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Segmenting Google Analytics by Session Frequency

Segmenting-Sessions

Segments are one of the most powerful features of Google Analytics, and they are often useful for zeroing in on the sets of users who are most valuable to us.

One way of looking at potentially valuable users is to look at the frequency with which they visit the website. Let’s look at a couple of ways to do that in GA.

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Data Processing Options for Google Analytics and Big Query Export

data-processing-blog

In this blog post, I evaluate several of the numerous (and potentially overwhelming) options for the processing and reporting of Google Analytics data. The default  Google Analytics web interface is great for quick ad hoc data exploration, but limited for deeper analysis and the development of automated reports.

Whether we’re mining for hidden trends or trying to report on hard-to-extract dimensions, there are a number of third-party tools out there can that help ease the burden.

In the first half of this article, I explain the difference between the two types of Google Analytics data: what’s available from the standard interface and what’s available through the BigQuery export.

The second half of this article is an evaluation of three different solutions for processing, visualizing, and reporting on Google Analytics/GA BigQuery data. I evaluate these three solutions (ShufflePoint, Tableau, and R) based on objective features and my subjective scoring of performance.

I only evaluate three data processing solutions in this article. Think I missed a good one? Let me know!! We all have a different background in data analysis tools, and I would love this conversation to continue in the comments section.
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MozCon 2014 Recap: What I Learned

Moz-Con

A holistic industry transformation was the tone at MozCon this year and Erica McGillivray and team did a fantastic job getting speakers that supported this theme. Those chosen for the conference are experts in their fields, pushing conventional wisdom and challenging us with new ways to tackle old problems. Each spoke on different topics, but to the same point.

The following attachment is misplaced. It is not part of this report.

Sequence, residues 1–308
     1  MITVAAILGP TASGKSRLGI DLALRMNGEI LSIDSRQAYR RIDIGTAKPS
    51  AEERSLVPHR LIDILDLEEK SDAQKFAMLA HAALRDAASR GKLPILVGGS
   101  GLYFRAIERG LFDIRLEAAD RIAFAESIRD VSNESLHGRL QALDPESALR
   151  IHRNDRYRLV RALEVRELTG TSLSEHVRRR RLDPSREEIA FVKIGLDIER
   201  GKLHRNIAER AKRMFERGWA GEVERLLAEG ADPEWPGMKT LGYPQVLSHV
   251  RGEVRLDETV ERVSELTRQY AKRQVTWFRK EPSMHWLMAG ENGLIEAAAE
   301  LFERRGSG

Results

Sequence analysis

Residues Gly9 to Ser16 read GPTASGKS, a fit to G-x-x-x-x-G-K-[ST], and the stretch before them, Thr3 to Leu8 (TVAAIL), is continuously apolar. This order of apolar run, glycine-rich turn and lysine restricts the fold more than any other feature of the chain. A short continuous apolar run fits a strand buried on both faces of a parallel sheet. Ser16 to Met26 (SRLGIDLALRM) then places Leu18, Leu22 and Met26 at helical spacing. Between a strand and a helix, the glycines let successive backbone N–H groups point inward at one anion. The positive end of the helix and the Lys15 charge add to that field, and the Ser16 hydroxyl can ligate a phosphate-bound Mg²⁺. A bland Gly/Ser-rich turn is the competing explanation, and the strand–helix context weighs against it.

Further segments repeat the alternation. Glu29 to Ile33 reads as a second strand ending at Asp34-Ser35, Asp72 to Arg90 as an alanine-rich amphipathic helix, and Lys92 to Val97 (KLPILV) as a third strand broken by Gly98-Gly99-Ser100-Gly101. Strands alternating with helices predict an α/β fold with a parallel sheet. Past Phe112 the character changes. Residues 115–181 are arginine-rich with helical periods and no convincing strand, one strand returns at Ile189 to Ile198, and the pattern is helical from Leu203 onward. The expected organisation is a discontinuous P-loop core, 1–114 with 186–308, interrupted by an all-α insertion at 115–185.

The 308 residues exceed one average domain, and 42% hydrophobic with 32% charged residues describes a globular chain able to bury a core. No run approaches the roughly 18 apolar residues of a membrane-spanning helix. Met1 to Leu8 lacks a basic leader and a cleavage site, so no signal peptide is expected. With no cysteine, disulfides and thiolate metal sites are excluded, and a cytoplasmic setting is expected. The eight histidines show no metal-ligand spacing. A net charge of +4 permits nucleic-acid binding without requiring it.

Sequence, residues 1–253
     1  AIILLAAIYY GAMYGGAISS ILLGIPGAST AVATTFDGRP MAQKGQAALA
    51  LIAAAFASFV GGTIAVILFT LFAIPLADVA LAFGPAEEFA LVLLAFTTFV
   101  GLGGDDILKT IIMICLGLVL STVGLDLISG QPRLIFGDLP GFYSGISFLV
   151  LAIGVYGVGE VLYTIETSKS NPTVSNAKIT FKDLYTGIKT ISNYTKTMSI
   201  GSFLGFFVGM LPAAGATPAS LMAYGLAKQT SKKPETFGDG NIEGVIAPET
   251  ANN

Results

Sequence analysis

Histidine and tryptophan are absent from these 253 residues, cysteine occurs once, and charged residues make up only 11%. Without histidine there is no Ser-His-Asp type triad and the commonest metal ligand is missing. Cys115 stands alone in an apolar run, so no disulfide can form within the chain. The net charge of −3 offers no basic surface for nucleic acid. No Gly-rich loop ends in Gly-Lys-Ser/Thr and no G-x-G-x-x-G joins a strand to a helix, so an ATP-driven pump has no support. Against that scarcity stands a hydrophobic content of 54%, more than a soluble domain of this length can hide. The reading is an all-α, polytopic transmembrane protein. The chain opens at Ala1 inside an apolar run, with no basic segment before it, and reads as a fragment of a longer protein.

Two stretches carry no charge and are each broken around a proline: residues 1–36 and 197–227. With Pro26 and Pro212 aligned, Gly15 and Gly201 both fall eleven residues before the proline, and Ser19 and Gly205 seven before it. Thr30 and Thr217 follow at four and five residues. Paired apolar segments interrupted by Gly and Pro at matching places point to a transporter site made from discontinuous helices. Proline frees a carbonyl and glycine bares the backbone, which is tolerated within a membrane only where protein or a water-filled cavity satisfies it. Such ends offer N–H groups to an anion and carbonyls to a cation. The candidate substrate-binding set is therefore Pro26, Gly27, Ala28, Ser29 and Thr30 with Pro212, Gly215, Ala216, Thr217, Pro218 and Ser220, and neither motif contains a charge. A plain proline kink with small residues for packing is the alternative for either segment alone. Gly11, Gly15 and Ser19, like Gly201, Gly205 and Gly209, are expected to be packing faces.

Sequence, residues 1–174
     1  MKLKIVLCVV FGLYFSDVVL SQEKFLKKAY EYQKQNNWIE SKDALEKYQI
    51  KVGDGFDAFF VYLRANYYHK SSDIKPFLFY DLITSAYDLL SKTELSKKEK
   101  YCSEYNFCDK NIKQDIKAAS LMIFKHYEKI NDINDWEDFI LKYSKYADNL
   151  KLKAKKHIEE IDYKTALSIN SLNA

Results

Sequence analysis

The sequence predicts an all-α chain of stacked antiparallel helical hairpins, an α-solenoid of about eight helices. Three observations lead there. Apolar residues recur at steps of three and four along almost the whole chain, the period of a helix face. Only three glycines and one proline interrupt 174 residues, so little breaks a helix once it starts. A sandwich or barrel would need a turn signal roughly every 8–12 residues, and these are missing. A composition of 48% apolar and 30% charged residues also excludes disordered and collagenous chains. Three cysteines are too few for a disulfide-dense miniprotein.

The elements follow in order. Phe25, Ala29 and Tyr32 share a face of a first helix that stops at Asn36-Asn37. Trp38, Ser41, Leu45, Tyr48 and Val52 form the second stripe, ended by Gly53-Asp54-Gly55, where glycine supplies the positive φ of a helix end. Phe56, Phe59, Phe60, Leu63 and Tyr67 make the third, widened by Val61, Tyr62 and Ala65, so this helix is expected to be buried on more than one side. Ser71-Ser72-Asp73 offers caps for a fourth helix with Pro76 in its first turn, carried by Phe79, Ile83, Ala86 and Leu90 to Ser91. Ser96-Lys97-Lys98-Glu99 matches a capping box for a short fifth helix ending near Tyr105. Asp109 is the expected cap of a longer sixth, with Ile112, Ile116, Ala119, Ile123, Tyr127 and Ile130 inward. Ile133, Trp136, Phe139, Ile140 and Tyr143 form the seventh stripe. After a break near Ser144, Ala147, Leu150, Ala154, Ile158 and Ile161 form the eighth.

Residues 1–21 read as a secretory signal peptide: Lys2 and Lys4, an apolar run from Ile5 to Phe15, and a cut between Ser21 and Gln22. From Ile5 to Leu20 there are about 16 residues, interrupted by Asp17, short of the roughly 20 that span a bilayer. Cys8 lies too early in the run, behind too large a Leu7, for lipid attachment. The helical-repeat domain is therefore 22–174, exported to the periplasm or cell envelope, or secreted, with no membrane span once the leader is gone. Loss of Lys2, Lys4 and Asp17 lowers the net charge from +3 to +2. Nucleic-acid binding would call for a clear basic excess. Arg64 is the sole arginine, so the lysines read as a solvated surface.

MozCon started with a presentation from our fearless SEO leader, the Wizard of Moz himself, Rand Fishkin. Rand started off the conference by reflecting on the past year in search and framing his vision for the future. He highlighted 5 big trends from the past year.

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Making the Case for Tag Firing Priority in Google Tag Manager

Tag-Firing

A great new feature, Tag Firing Priority was rolled out inside of Google Tag Manager around July 1 along with the updated and redesigned debug mode. It is seemingly a small feature, located under the ‘Advanced Settings’ in the Tag (see below).

TagManager_AdvancedSettings

It’s an exciting update not only because of the application of setting priority, but also because it proves the direction Tag Manager has been heading – toward giving marketers and analysts more comprehensive control over the Tags they load on their site. Without any extra coding on the site, users can now control the firing priority of their Tags within Google Tag Manager’s interface.